Some Musings on Relationships

As a therapist I often sit with couples and listen to them describe an incident. Frequently their individual experiences and recounting are so different, it doesn't even sound like the same event! Each person individually holds onto his/her experience and viewpoint as if it were 'the truth.' But there is no one truth. There are many truths. Many perspectives. There are as many interpretations of events as there are lenses through which to view them. Depending upon our upbringing, life experience, wounds (healed and unhealed), current state of mind and being, we will experience the very same incident in different ways.


The keys to understanding each other in relationship appear to be: wanting to know and being willing to hear and understand the other's experience, and reminding oneself that ours is not the only valid viewpoint and experience. Our partner, friend or family member has his/her viewpoint and experience that is equally valid. If we can let go of being 'right' and acknowledge there is no one truth, we can begin to really hear and really see the other.


In healthy relationships, we are curious about the other's experience. We listen to their experience and try to understand it. And from this standpoint of respect, we get to know and understand the other, no matter how alien, distasteful, or hurtful their behavior initially appears to us.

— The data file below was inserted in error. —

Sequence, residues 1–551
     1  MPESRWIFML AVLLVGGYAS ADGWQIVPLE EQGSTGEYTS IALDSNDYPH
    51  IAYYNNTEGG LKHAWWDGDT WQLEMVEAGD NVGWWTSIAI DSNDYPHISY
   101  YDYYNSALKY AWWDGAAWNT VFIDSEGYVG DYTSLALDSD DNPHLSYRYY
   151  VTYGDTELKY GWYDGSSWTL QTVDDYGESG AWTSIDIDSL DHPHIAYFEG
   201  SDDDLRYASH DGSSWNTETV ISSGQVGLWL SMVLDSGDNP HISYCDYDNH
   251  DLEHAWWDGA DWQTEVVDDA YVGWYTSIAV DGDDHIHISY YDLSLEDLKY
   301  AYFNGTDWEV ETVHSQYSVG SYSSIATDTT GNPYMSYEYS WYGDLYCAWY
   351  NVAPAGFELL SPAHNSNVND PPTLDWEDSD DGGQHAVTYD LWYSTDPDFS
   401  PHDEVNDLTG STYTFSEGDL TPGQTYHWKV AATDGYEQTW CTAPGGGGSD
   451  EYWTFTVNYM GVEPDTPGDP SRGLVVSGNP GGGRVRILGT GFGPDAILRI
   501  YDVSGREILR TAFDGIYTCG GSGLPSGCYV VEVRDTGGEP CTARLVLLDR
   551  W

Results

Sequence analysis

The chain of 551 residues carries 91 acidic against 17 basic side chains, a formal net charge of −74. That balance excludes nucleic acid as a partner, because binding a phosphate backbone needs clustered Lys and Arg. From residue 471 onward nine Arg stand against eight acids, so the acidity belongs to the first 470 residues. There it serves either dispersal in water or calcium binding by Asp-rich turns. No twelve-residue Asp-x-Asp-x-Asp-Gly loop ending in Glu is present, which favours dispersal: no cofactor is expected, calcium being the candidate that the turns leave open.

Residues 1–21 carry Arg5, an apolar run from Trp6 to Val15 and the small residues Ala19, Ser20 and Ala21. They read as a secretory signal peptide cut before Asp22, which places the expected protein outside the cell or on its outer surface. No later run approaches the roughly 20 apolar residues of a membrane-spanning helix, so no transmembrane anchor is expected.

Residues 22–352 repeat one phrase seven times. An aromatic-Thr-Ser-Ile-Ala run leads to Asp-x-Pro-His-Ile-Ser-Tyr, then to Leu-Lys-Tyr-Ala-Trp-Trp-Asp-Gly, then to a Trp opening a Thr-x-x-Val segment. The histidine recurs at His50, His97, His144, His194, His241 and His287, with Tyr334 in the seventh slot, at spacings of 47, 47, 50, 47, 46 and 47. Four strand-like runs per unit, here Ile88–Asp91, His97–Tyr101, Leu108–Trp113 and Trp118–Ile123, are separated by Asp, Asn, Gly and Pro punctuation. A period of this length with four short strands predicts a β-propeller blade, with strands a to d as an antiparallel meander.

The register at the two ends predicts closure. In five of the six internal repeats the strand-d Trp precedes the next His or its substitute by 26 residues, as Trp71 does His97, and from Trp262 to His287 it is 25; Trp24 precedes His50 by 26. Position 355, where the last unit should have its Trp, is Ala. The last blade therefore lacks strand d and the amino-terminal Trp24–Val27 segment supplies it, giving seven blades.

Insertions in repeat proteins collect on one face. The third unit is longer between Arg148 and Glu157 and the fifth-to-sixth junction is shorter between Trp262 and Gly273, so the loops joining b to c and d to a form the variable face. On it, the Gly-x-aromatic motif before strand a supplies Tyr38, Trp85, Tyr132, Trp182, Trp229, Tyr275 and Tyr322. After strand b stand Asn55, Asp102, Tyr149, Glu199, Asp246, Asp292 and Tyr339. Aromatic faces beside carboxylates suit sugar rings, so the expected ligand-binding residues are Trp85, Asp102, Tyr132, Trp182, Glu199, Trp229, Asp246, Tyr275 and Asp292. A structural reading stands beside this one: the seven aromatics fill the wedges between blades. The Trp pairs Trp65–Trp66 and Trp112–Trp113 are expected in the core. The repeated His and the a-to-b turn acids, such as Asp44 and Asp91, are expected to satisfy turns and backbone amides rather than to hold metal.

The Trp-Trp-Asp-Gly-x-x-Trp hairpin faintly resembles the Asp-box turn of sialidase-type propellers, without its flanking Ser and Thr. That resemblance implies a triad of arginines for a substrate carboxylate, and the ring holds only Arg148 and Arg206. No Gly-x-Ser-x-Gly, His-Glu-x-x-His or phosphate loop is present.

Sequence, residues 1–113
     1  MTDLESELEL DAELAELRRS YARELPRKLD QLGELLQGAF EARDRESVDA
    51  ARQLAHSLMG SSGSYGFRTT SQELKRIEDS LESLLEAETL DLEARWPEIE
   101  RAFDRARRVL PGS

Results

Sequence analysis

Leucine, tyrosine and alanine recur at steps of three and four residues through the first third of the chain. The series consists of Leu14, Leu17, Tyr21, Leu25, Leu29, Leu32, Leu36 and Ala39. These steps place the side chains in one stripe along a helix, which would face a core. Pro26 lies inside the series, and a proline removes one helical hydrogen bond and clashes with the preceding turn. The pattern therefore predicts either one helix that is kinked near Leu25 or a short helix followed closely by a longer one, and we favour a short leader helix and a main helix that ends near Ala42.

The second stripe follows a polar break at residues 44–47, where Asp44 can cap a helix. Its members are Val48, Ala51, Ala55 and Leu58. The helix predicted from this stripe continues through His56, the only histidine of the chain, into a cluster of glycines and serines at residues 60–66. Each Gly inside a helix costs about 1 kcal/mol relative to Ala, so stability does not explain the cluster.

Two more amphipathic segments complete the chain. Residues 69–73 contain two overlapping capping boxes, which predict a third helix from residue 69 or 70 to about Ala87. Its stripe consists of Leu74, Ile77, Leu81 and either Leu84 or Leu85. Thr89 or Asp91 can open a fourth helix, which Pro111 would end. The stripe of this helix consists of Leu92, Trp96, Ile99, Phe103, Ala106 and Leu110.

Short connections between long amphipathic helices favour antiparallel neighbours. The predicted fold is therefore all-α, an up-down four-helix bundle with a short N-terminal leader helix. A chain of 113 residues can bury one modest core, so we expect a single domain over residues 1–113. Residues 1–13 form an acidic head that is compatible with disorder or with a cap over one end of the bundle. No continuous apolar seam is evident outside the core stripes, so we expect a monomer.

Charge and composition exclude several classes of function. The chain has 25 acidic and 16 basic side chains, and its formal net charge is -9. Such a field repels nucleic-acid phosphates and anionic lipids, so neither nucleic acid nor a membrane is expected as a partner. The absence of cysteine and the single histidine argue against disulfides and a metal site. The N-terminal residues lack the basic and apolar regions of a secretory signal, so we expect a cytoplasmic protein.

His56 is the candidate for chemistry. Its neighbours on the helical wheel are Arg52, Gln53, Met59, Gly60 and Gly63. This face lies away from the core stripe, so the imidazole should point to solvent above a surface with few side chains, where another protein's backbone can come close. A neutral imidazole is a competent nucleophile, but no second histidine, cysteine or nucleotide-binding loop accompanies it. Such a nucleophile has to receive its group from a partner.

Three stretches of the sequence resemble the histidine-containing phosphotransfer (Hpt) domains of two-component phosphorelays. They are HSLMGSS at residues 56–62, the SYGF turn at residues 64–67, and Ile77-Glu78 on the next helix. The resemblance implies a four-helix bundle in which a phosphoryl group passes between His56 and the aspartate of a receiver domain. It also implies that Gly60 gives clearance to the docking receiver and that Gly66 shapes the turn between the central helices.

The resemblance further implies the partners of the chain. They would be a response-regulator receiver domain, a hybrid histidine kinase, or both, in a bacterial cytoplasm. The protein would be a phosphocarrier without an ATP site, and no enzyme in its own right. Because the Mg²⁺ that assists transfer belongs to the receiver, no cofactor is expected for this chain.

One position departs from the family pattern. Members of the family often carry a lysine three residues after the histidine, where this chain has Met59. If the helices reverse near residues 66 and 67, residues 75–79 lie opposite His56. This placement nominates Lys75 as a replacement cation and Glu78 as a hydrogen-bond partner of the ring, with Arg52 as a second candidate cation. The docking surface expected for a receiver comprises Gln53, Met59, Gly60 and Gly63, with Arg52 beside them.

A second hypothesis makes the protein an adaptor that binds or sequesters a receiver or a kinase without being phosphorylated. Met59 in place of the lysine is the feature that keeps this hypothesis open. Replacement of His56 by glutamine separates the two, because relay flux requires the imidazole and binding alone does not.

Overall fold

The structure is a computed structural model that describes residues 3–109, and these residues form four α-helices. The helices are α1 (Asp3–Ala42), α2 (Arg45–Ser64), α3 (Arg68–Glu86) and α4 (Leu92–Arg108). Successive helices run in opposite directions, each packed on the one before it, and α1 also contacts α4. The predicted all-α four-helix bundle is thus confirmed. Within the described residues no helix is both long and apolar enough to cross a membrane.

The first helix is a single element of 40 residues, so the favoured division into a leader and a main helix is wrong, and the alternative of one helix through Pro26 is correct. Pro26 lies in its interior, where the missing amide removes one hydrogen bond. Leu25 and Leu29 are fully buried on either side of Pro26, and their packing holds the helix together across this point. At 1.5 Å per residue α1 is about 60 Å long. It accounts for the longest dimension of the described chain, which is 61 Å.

When we come from a place of curiosity (no-judgment) and true understanding, not very much is abhorrent. It may not be to our liking, but we are not repulsed or excessively reactive. We are able to respond and not react. We may not like it or agree, but we have more understanding and empathy. When we have this mutual understanding in a relationship, be it a friendship or a romantic partnership, we are able to communicate in a healthy and beneficial manner, and we are better able to resolve conflicts and disagreements.


And then there is the matter of emotional safety. Emotional safety enables us to share our vulnerabilities - our weaknesses and fears, our thoughts and feelings, our hopes and dreams. Emotional safety means you will not dismiss or negate or diminish my experience or feelings. For me it is an essential aspect of any relationship of depth. I don't need this with work colleagues or superficial friends and family, but I need it in a romantic partnership and in good friendships.


In my professional experience, most people need this, or certainly want it. I know there are persons out there who will deny needing or wanting such a thing. I am not in a position to dispute this. I just want them to know that their partners most likely do want and need it. And even if they profess not to need this, I think it is part of the human condition to want to be seen and heard and understood. And this is what we should be striving for in our close relationships, and to a lesser degree in all our interactions.

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